Private clients is the hardest part. I'm fairly lucky to be more or less set in this area - I would look at doubling what I have now if I wasn't starting my own businesses and focusing so much on passive income, but for what I'm doing now it's excellent. I think it's definitely a great topic and I've been trying to work on how to write a blog post that can actually help in this respect, seeing as how it is definitely at the top of the "no cookie cutter formula" area of freelance writing. But it's definitely coming up here soon.

    Thanks again for the comment!

  3. A few months ago I was forced to move to another state so I quite my office job. Instead of looking for another one, I decided I wanted to work from home. My cost of living is extremely low and after 3 months I can finally make enough to not dip into my savings account (barely). Definitely wouldn't recommend just jumping into it for most though. Haven't found any private clients yet, a post about that would be appreciated :)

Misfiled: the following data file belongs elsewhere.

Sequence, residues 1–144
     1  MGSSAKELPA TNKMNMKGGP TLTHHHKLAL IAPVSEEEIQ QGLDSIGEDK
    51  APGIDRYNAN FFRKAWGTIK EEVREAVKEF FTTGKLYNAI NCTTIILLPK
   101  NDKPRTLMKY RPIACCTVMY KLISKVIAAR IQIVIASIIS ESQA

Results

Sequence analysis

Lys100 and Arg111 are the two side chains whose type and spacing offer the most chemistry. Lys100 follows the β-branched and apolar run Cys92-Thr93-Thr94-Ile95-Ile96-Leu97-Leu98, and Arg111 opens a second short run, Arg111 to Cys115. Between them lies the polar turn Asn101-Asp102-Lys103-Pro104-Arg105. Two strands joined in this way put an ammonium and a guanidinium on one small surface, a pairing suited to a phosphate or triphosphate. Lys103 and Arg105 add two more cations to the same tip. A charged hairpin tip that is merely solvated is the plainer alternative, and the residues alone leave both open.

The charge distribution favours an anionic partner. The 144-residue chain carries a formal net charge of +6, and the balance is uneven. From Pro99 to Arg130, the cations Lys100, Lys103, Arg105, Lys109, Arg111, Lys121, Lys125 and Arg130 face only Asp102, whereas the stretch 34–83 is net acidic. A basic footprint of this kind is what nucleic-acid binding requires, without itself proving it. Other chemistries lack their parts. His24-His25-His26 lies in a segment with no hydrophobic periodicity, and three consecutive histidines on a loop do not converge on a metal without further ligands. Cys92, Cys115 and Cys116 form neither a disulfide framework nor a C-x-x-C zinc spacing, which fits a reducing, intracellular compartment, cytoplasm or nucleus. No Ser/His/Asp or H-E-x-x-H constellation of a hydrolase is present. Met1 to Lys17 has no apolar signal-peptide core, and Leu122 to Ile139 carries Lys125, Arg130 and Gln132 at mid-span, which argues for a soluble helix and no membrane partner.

Guilt is funny as it works both ways. I schedule my days by work not by hours but when I am done with all my work and haven't worked an 8 hour day, I feel like I am slacking.

    I haven't had any negative responses from people asking me what I am doing but I certainly have from my parents. I don't see them ever accepting this as a real job.

    Loneliness isn't really a problem either, I just schedule time with friends and my dog keeps me good company :) But reading blogs like yours certainly keeps things interesting.

  4. Hi Alex,